An airport employee in Boca Raton, Florida, should be feeling exceptionally grateful after he narrowly dodged the wing of a crashing plane — a crash which ended with no fatalities.
According to WFOR, the plane crashed at Boca Raton Airport on Sept. 11.
“Two people were onboard the 4-person aircraft and one had to be taken to the hospital with traumatic injuries,” it reported.
“FAA investigators say the pilot crashed shortly after take-off and may have tried to return to the airport to make an emergency landing.”
Boca Raton police say that the plane crashed in a parking lot adjacent to an airport hangar.
According to WPTV, the crash was caught on surveillance camera by Reliable Jet Maintenance. An airplane crash is always a harrowing sight, obviously, but this one was especially terrifying for one employee:
As you can see, as the plane skids along the parking lot surface, the wing barely misses a Reliable Jet Maintenance employee. In fact, it likely would have hit the worker if it hadn’t been broken off by a fencepost.
“It came in at an angle, I believe, when the tail end of the airplane hit the tree,” Elvis Padilla, the employee who almost got hit, told WSVN.
“Boom,” Reliable Jet Maintenance employee German Gonzalez told WPTV. “Very strong boom. I’m told the roof of the company was falling down.”
“It was just three or four, very hard, like something is hitting something big,” he told WSVN. “Of course, the tail of the plane was already in the tree behind us, and the pilot, as he was going forward, he was leaving pieces.”
According to the Aviation Safety Network, the plane involved was a Piper PA-28, a single-engine aircraft that can carry four people. Shortly after it took off at roughly 10:30 a.m., the pilot said he had to return to the airport.
Officials told WPTV that the plane may have hit a tree on its way down.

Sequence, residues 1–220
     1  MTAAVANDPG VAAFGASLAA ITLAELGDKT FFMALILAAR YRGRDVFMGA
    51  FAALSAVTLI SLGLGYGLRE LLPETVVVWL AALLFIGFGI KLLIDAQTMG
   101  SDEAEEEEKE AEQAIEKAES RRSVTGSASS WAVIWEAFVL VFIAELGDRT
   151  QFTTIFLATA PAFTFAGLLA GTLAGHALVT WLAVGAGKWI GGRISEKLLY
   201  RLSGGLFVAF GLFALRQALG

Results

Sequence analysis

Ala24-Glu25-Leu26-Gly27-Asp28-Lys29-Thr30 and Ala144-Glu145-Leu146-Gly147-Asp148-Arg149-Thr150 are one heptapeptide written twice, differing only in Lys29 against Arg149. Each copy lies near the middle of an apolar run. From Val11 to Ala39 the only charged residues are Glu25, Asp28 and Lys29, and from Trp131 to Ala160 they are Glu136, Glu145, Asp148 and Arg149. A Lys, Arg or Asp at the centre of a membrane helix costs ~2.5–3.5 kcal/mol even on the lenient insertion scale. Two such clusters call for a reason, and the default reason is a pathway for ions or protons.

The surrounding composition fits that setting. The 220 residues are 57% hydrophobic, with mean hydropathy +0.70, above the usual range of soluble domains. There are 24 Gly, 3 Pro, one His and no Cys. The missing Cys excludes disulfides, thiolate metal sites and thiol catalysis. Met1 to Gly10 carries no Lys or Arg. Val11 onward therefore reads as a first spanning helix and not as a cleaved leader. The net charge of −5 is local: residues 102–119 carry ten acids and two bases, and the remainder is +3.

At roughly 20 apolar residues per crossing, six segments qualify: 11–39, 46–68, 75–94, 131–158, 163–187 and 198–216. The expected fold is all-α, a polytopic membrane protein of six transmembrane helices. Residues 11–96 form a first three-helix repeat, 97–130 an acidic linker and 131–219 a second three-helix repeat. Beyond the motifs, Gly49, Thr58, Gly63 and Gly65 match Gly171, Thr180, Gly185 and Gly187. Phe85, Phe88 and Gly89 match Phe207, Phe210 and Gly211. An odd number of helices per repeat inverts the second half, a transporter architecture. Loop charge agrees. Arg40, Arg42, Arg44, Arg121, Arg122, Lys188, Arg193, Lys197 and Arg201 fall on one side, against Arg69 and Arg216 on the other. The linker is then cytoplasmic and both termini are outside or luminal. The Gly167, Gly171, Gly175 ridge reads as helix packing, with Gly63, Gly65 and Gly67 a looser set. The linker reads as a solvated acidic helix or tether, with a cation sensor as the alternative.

It wasn’t just the employee who narrowly escaped being hit by the wing who has a lot to be thankful for here. As it turns out, nobody involved in the crash was seriously hurt.
The plane was both registered to and being flown by Dr. Robert Eckelson of Boca Raton, an orthodontist. Both he and a passenger were saved by those on the scene — including the employee who was almost hit by the plane.
“The co-pilot was just, like, numb, didn’t know what happened,” Gonzalez, who pulled the co-pilot out, said. “[A]nd then, we saw the fuel just pouring out of the aircraft.”
Padilla, meanwhile, got the pilot.
“When I walked up on him, he was very disoriented,” he said. “He looked like he was in shock, and he was bleeding profusely from the mouth and nose area.”
“I just did what I would have wanted someone to do if I was in that situation,” he added.
Onlookers passed fire extinguishers over the fence; the plane was quickly covered in foam, preventing any sort of fire.
“The airplane appears to be a total loss,” Clara Bennett, executive director of Boca Raton Airport, said. “Thankfully, no one on the ground was injured, there was no damage to any of the property on the ground, and both pilots appear OK, although one was transported to the hospital.”
Given everything that happened, that’s arguably the best outcome anyone could have hoped for.
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